The Burns Supper

Man in kilt and formal apparel cutting into a haggis

Seamus Carmichael recites the Ode to a Haggis at the Burns Night celebration. (Click image for Video)

The Lebanon Art Center has hosted a Burns Night since 2014 and this year we continue to update the tradition. We are planning to focus on piping featuring pipers from the Irish and Scottish styles. There will be the usual mix of songs, stories and poems. Leading the toasts, drunk in your choice of whiskies will be our Master of Ceremonies, Donald Henderson. The event on February 1st will take place at the Arts Council building at 770 Cumberland Street. There is lots of free parking on Cumberland Street and nearby. The Dinner starts at 6:00 PM and the event should end by 10:00 PM. If you are interested in a ticket contact Sharon Zook at 717.821.1503, but act soon since seats are limited.

Robert Burns (1759-1796) was a Scottish poet who despite his humble beginnings was widely seen as one of the great writers of his age. Since he often wrote in Scots dialect there are some who are too intimidated to venture into his work. This is a loss to all concerned because Burns is a poet of the heart, expressing profound and tender sentiments about our place in the natural world and especially in our relations with each other. His grasp of the life of the common man and his love of his native land makes him the national bard of Scotland.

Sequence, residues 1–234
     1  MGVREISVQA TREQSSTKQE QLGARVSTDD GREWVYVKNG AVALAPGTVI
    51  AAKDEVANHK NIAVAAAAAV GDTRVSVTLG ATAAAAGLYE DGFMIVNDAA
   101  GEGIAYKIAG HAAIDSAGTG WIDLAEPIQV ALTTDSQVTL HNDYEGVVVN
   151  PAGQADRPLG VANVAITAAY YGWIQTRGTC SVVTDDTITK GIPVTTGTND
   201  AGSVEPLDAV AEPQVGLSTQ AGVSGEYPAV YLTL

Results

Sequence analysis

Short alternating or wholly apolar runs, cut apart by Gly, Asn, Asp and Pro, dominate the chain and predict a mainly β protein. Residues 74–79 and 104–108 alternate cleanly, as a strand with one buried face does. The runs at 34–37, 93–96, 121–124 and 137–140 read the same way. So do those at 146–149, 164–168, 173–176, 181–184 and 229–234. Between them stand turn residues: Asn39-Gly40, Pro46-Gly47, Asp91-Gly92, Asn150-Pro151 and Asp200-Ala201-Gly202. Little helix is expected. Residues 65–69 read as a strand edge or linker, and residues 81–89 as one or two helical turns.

When he passed away at the tender age of 37 his friends so missed him that they held a party on his birthday January 25th where they read his work and toasted his immortal memory, in whiskey of course. The tradition spread and within a generation or two it had become as important to Scots all over the world as St. Patrick’s Day is to Irishmen
 
 At its most basic the celebration consists of a humble peasant meal, Chicken and Leek Soup (Cockaleekie)  followed by Haggis served with Mashed Potatoes (Tatties) and Mashed Turnips (Neeps). The Haggis was chosen as the centerpiece because Burns had once spontaneously composed an ode to the dish, styling it “Great Chieftain of the Pudding (Sausage) Race”. Since a chieftain needs to be announced in style, ​a piper leads it from the kitchen to the dining hall playing some suitably solemn march.
 
The evening is broken up with a series of readings, tunes and songs each punctuated by the drinking of toasts to the Haggis, to the memory of the Poet, to the Laddies, to the Lassies and finally to all our old friends, in his famous song “Auld Lang Syne”.